I can't wait to see this finished!
These holes here in the wall
are where the original stone stringers and risers of the staircase were tied in.
Winding all the way around this great big stairwell.
Sadly, in the 1950s, somebody demolished it.
They started at the top and pulled out these stone treads and risers and newel posts
and dropped them from up there down to there on this lovely flagstone floor.
So you get an idea of just how much work there is still to do.
If you want to see the mountain that's left to climb, follow me.
Look at this!
I should have brought my tool kit!
The Trust has had some grants in the past and they've used that money wisely and sensibly.
But they've now run out of money. You can see the amount of work they've still got to do.
This is the next project. That's the first floor dining room up there.
There's still no roof. One thing that does happen in big stately piles like this
when they need to raise money, and Alan's adopted the scheme here,
anybody can pay to have a Georgian window, a lovely sash window reinstated
into the original apertures. These cost £2,000 a window.
It would be really nice to see these horrible steel shutters and doors removed from this building.
I just hope they raise the money.
Wow! Restoring one great big antique!
The main aim of the Trust is to permanently protect Copped Hall,
restore it to its former glory so it can be used for educational purposes
and the local community can really benefit.
Future generations can come here and appreciate it. That's the good thing.
I just wish them luck!
Back at Colchester town hall, everyone's in good spirits
and Kate is ready with our next owner, Mariette.
Mariette, hello. Welcome to Flog It! You've brought something small and beautiful!
-Tell me about it.
I can't tell you very much. I brought it on behalf of my mother.
She inherited it when my father's mother died, my paternal grandmother.
It's lived in the box ever since. That's all I know about it.
-In a box? You don't show it at all?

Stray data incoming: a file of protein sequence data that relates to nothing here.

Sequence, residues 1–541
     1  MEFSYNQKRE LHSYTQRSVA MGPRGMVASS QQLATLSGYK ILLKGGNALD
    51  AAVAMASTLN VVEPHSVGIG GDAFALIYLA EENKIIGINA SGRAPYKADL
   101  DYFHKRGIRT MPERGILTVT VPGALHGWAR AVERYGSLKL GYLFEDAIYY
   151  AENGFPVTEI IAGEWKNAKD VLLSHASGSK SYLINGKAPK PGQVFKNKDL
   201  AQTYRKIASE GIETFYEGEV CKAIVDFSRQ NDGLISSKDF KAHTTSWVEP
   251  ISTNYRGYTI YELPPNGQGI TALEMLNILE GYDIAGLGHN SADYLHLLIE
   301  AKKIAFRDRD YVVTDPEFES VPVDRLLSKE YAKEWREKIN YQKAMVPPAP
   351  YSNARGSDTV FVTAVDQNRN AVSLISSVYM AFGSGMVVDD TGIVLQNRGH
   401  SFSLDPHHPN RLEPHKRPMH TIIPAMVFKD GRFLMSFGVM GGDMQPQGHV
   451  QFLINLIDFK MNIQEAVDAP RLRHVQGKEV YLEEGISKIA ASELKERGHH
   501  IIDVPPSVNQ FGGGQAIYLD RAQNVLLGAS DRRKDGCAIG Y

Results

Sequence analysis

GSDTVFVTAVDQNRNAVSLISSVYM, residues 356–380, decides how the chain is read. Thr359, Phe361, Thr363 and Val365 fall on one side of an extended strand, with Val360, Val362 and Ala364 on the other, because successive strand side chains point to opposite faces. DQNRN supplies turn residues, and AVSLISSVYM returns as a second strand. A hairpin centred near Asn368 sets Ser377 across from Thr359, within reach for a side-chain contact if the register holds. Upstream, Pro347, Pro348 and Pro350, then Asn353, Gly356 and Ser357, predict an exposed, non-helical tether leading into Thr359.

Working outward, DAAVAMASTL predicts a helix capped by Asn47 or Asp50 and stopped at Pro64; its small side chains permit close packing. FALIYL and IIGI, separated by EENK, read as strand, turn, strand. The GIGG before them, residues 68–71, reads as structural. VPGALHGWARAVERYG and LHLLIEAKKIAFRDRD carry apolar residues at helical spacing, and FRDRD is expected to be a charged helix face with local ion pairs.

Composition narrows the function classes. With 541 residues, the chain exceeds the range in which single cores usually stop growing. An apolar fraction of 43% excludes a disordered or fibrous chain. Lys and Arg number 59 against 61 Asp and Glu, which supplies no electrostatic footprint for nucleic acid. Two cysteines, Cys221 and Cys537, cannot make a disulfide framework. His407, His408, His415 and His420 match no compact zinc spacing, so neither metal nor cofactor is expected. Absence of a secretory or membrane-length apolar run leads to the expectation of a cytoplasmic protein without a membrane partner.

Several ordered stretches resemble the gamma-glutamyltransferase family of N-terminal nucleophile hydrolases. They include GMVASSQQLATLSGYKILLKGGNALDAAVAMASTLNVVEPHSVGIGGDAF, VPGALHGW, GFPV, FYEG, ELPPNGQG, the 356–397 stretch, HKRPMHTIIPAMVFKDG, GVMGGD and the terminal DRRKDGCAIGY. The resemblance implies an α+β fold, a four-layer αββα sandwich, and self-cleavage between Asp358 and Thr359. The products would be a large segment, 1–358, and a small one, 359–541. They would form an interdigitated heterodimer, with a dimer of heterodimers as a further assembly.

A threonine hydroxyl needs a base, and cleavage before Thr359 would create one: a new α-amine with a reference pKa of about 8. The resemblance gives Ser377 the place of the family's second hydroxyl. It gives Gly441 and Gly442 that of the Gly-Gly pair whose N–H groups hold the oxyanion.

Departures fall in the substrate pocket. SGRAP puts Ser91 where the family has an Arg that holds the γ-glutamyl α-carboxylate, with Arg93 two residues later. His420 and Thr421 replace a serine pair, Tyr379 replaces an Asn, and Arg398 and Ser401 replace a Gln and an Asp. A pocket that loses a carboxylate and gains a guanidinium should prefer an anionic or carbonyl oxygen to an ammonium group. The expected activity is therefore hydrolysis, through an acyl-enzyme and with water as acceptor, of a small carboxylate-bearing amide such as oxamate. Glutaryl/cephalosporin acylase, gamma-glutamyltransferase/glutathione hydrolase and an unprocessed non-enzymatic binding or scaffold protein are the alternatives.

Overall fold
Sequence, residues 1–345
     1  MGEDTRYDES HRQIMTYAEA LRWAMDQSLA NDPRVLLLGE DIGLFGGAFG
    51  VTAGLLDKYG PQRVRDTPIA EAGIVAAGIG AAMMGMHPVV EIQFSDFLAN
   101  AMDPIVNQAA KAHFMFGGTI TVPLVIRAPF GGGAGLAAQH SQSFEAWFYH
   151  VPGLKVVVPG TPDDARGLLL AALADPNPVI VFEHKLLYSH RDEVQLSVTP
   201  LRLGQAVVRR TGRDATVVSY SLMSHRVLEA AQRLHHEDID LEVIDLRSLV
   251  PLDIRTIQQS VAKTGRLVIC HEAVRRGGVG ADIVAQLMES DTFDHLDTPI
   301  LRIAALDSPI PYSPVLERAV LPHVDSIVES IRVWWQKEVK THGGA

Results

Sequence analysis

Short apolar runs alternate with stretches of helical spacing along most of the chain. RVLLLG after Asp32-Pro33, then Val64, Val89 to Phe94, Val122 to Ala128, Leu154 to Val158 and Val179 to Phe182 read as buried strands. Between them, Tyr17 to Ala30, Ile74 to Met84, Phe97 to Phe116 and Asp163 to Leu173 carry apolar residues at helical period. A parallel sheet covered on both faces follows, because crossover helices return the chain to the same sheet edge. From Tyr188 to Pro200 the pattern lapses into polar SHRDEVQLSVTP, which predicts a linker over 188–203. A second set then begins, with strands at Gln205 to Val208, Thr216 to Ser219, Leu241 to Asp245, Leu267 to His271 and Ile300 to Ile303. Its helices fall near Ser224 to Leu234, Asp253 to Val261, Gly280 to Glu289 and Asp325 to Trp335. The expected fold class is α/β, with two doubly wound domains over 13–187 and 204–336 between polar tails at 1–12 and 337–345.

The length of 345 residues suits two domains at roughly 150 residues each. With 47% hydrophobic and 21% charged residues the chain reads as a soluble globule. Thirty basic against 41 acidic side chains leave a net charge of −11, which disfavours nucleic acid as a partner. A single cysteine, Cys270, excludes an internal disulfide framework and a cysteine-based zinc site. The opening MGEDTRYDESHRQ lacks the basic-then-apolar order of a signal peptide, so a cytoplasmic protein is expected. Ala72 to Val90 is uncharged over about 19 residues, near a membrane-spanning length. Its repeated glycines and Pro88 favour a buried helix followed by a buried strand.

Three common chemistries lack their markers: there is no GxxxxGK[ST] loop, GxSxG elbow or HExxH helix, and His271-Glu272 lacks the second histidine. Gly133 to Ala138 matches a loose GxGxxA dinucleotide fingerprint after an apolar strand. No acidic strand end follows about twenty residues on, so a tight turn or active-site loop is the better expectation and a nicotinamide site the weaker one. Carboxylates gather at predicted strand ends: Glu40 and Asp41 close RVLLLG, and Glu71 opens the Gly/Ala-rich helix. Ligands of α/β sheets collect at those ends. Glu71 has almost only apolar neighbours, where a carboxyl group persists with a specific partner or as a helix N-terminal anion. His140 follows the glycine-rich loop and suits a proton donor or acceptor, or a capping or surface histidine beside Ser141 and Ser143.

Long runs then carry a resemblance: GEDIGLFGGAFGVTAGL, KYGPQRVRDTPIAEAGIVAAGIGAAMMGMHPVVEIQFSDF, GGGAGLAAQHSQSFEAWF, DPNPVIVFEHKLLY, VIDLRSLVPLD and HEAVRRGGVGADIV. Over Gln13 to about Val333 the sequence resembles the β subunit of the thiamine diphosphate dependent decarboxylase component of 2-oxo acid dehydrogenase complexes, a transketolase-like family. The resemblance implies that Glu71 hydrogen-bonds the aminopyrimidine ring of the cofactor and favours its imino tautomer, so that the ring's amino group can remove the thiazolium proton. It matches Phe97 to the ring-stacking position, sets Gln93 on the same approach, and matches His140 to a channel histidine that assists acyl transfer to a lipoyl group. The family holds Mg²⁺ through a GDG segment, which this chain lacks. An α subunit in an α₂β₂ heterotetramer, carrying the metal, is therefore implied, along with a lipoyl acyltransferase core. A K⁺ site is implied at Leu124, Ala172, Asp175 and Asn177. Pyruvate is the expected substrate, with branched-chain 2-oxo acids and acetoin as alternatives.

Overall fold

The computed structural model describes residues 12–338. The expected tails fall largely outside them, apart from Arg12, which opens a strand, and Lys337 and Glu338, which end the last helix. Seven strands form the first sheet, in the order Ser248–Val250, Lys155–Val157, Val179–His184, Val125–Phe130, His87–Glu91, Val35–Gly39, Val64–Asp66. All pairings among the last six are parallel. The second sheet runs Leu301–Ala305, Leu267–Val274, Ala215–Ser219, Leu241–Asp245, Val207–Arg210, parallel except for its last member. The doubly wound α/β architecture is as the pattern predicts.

-It's come from quite far away.
-What he have here is a 19th-century Chinese celadon jade scent bottle.
If we pick it up here, it's so small and tactile,
it's got this lovely little brass and turquoise, but faded, lid.
And then you've got what's probably a bone or possibly ivory scoop.
I guess you'd dip it in and dab it behind your ears or dab your perfume inside your wrists
and put it back in.
It's really sweet.
The only other thing I can think it might be used for is snuff or something like that.
It could be that instead of perfume a snuff scoop that you'd put a pinch of snuff on and sniff it up!
But it's quite a lovely thing, irrespective of what its use is.
We'll stick with scent bottle at the moment.
It's a lobed, we call it lobed form decoration.
-But otherwise very plain.
Often we see them with intricate carvings, dragons, all kinds of stuff on it.
But I love the simplicity of this. It's so tactile.
-You want to pick it up...
-And stroke it, yes.
It's a lovely thing.
It sits in a box!
-So you wouldn't be gutted if we sold it, I suppose?
-No, she wouldn't be, no.
-It's your mother's.
Price-wise, there are lots of collectors out there.
Obviously the earlier stuff is higher prices.
But Jade is quite high at the moment.
Chinese collectors are buying stuff like this back again.
-I would have thought conservatively it's 50 to £80, something like that.
-But I would certainly put a reserve on it of £50 just to protect it.
You could maybe give it a bit of auctioneer's discretion, so maybe they'd let it go at 45.
-But I think it's worth £50 every day of the week.
but it sits in a box and my mother doesn't want it,
so sell it. Flog it!
Flog It! That's the name of the game and why we're here!